Are you in the mood to be inspired? Maybe you’ve got a pesky case of creative block and you need to break out of it. Whatever you’re looking for, we’ve rounded up 10 book picks that promise to indulge your creative side.
Last year, the American Time Use Survey told us that pleasure reading in the US has fallen by more than 30 percent since 2004. In other words: a mere 19 percent of Americans, aged 15 and older, read for pleasure on a given day. In a similar vein, findings released by the Pew Research Center revealed that nearly a quarter of American adults admitted to not having read even part of a book in the past year. Meanwhile, north of the US, First Book Canada estimates that a quarter of Canadian households don’t own even a single book, and information gathered by BookNet Canada indicates that the percentage of Canadian readers is slowly but steadily declining.
Though these numbers don’t bode well for the future of literacy, the psychological benefits of reading books remain uncontested. Reading regularly fosters brain connectivity, improves concentration, and boosts creativity. (Some studies even show that people who read daily tend to live longer than nonreaders.) But not all books are created equal, and if you’re looking for creative inspiration the reading material you choose can have a huge impact.
The Creative Habit: Learn It and Use It for Life, by Twyla Tharp
Geared at: Anyone pursuing a creative career
Twyla Tharp is a dancer, choreographer, and entrepreneur with a remarkable 35-year career and a couple of books under her belt. The Creative Habit—originally published in 2003—contains life lessons and practical exercises geared at anyone who finds themselves at a creative dead end. For that reason, Tharp’s book is meant for anyone who considers creativity and artistic expression to be cardinal in their career and life in general, be that a performance artist, writer, photographer, painter, or even a new parent.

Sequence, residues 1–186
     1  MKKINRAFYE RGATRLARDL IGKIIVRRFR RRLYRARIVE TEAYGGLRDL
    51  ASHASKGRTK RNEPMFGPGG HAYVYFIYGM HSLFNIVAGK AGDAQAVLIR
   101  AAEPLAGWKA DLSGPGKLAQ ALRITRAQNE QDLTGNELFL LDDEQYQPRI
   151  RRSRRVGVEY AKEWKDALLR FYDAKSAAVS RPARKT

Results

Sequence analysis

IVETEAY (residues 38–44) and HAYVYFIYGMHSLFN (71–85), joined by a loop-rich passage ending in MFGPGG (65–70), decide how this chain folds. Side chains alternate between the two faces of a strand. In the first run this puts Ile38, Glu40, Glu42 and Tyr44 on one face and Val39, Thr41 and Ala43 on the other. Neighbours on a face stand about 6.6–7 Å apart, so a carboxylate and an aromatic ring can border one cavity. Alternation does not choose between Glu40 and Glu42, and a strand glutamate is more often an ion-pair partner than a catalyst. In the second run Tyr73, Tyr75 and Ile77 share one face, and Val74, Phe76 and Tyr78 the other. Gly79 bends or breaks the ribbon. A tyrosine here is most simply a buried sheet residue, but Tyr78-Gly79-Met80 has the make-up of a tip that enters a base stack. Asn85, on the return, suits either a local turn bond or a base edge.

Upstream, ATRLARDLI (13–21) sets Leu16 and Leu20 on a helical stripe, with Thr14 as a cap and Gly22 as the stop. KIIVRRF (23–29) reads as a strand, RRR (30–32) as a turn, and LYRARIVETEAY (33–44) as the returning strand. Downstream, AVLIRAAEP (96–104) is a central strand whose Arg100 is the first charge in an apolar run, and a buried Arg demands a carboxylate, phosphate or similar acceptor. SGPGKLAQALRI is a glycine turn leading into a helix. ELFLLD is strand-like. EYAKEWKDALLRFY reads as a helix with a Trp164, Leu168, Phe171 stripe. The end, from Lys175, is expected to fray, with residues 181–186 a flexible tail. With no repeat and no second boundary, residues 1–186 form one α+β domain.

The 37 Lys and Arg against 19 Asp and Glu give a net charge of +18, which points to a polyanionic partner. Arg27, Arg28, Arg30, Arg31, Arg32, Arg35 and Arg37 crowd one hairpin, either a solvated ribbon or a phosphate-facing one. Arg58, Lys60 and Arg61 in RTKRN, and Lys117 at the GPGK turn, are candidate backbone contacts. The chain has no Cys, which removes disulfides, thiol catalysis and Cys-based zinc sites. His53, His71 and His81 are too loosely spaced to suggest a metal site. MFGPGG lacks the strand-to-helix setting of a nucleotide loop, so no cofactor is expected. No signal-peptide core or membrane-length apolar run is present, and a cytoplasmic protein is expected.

Find out more about The Creative Habit.
Find out more about Twyla Tharp.
Creativity, Inc.: Overcoming the Unseen Forces That Stand in the Way of True Inspiration, by Edwin Earl Catmull
Geared at: Anyone in a leadership role in a creative environment
Edwin Earl Catmull is a computer scientist and the former president of Walt Disney Animation Studios and Pixar Animation Studios—the latter of which he founded with Steve Jobs and John Lasseter in 1986. His book, which was originally published in 2014, is essentially a manual for cultivating creative culture in the workplace. As such, the book unpacks the philosophies, managerial ideals, and team-working techniques that have led to Pixar’s success and profitability as a company.
Find out more about Creativity, Inc.
Find out more about Edwin Catmull.
Big Magic: Creative Living Beyond Fear, by Elizabeth Gilbert
Geared at: Anyone striving to cultivate and live a creative life
You may have heard Elizabeth Gilbert’s name before, in conjunction with popular works of fiction, such as Eat, Pray, Love and The Signature of All Things. Though Gilbert has attained inarguable success writing fiction, some of her best work is of the non-fiction variety. Big Magic, which was published in 2015, is Gilbert’s interpretation of the role creativity plays in our daily lives: how it tends to manifest and how we can tailor our attitudes, approaches, and habits in order to optimize creativity.
Find out more about Big Magic.
Find out more about Elizabeth Gilbert.
The War of Art: Break Through the Blocks and Win Your Inner Creative Battles, by Steven Pressfield
Geared at: Anyone pursuing a creative career